In this event, the SAFe team brings user stories to unanimity and decides on the particular story to be carried out in the following sprints. Next, they develop and agree on techniques for the undertaking and delivery of the iteration. 

2. SAFe Daily Standups 

These are meetings performed every day at a specified time and venue to discuss and review progress made the previous day, and to plan how that present day's activities will be conducted. 

3. Sprint Review 

This is auditing done by the agile team for concluded stories during an iteration. With this, they can get feedback and input from major stakeholders to review the team's production activities. 

4. Sprint Retrospective  

At the SAFe team level, a recollection of past procedure methods for necessary modifications is made by the working team. 



The program level is essential, and at this landmark, certain events are performed, which include the following.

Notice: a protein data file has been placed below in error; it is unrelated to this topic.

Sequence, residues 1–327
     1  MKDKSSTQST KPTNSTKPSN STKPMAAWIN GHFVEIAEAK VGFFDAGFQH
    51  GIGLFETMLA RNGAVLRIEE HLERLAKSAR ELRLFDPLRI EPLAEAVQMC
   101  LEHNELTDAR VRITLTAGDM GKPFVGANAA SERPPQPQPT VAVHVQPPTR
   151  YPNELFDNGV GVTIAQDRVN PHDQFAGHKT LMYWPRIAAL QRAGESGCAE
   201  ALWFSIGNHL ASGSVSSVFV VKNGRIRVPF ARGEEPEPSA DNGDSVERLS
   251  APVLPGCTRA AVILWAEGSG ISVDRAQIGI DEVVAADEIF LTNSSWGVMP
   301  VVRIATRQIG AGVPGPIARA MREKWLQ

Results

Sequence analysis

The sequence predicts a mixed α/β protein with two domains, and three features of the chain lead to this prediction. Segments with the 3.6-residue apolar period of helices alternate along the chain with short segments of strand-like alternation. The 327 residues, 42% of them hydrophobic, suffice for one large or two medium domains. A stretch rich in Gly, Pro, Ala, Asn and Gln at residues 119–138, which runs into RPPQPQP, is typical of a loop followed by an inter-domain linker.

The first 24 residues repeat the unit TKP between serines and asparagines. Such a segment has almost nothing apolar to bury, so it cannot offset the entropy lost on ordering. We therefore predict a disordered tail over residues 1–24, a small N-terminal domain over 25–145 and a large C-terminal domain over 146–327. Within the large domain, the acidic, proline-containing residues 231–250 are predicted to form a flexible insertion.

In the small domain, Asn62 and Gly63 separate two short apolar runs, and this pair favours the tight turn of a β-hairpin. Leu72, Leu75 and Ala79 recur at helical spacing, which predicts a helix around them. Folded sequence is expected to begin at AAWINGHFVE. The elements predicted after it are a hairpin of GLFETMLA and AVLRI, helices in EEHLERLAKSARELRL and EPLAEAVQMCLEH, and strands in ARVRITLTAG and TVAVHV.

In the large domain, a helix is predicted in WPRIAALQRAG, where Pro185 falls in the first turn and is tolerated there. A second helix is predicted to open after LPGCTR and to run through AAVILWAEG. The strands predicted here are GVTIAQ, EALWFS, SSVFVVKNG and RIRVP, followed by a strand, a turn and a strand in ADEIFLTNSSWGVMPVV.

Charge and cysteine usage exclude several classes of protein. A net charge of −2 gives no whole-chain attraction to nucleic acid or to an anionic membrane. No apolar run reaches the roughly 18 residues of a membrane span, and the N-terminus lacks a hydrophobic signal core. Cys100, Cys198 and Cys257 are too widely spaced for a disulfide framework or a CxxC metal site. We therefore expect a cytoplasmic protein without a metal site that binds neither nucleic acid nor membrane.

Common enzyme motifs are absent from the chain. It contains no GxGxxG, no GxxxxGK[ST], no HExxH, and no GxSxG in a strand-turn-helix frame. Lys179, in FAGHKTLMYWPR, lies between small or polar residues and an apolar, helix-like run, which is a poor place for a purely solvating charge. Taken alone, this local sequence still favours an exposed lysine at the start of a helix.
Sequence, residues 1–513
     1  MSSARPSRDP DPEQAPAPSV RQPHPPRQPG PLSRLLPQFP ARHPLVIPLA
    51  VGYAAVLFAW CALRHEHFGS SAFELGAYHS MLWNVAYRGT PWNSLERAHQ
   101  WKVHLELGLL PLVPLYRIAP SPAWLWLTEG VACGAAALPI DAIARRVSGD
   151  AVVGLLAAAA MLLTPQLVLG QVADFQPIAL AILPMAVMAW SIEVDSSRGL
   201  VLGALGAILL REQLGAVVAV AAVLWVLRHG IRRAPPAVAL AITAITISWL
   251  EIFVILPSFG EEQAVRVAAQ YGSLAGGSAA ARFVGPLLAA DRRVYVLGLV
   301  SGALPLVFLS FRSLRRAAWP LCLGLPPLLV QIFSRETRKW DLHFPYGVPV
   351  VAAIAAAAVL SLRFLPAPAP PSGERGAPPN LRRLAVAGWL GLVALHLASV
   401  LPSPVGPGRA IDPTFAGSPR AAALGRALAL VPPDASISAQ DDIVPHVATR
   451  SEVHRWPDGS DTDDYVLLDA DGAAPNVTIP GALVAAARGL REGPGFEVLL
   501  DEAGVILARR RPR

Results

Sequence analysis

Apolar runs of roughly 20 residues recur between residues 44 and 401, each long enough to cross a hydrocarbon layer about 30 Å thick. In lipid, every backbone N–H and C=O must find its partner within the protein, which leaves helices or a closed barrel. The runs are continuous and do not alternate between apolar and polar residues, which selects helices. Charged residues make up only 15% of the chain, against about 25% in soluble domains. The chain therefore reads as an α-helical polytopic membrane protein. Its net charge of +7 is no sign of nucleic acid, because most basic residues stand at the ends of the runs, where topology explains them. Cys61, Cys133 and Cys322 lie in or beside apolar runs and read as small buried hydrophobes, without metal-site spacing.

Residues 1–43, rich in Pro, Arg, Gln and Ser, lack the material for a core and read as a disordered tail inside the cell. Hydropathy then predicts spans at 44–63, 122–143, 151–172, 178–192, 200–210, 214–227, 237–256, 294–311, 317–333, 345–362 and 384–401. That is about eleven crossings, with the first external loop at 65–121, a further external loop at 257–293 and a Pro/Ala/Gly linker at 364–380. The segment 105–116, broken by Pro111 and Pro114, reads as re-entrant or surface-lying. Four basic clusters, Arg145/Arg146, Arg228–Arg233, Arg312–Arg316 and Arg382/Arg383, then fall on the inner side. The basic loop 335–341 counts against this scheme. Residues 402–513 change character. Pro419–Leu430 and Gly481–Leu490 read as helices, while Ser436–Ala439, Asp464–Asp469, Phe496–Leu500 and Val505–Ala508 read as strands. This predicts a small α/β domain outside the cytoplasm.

1. Planning The Program Increment (PI) 

The PI planning event depicts how the release teams are mobilized to center their overall decisions and plans around the PI goals. Here, they decide early on which sprint will require premium prioritization to enable its timely release. In this event, product dependencies and risks are anticipated and detected, and solutions are provided. 

2. Synchronizing Agile Release Trains (ARTs) 

This is also called the ART sync and it is done for project stakeholders to evaluate and make modifications at the program level to mitigate barriers and enhance progress. 

3. System Demo 

This event is added to the team sprint feedback system and comprises the display of all concluded sprints to the product owner and stakeholders. The significance of this is to ensure all aspects of the scope are integrated into the displayed work.

4. Inspection and Adaptation